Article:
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What Not to Do When Blowing the Whistle

Date: Thursday, August 12, 2010
Author: Shareen Pathak, Fins.com

Under the new financial regulation law, informants can earn a hefty sum if they provide valuable information about illicit activities within their firms.

But in one recent high-profile banking scandal, Bradley Birkenfeld, who blew the whistle on the tax evasion tactics of wealthy UBS clients (and how the bank aided and abetted them) found himself in jail instead.

If you too, are itching to send a note to the SEC about some insider trading practices at your firm, don't make the mistakes Birkenfeld did. Here are some errors to avoid, gleaned from a series in the Global Post.

1. Keep your penchant for private jets, expensive watches and premier Wimbledon seats under wraps. If you're super-visible about your luxury lust, it may work against you in court when you decide to squeal and lawyers put your character under the microscope.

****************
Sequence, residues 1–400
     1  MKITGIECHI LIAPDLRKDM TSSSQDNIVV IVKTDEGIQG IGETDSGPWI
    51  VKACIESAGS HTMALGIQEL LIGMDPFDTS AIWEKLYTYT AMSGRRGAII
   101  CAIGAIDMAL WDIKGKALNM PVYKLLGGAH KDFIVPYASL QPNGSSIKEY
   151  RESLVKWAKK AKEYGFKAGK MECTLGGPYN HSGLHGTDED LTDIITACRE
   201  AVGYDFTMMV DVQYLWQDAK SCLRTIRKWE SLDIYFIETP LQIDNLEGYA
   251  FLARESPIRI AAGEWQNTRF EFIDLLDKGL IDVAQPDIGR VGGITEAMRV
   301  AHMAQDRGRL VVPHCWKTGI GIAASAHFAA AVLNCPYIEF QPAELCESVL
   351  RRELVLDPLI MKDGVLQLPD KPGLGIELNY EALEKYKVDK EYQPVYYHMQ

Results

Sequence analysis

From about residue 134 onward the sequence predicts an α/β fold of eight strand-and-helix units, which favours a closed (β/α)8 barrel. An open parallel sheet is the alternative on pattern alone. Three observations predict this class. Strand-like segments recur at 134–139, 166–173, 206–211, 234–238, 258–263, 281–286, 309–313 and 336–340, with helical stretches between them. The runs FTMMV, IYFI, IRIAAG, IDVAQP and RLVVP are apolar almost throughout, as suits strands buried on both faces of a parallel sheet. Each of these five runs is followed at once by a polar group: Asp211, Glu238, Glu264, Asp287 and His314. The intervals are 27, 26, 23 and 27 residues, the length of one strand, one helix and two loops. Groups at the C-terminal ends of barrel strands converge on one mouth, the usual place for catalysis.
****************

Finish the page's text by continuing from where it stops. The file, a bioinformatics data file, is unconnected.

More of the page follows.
2. If, perchance, you find a document that essentially shows that your entire job is comprised of illegal activities, think twice about being too vocal about it. The DoJ might think you're in it for the fame and glory and start questioning your motives. Make it sound like you're doing it because of the ethics violation, not for a photo op.

3. Ensure that your former clients don't know too much damning information about you, in case they suddenly decide to become your arch-nemesis. Birkenfeld's former "golden goose," Igor Olenicoff, decided to spurn his ex-banker and provide information to the authorities instead.

Avoid these missteps, and you may be on your way to a thriving whistle-blowing career in no time.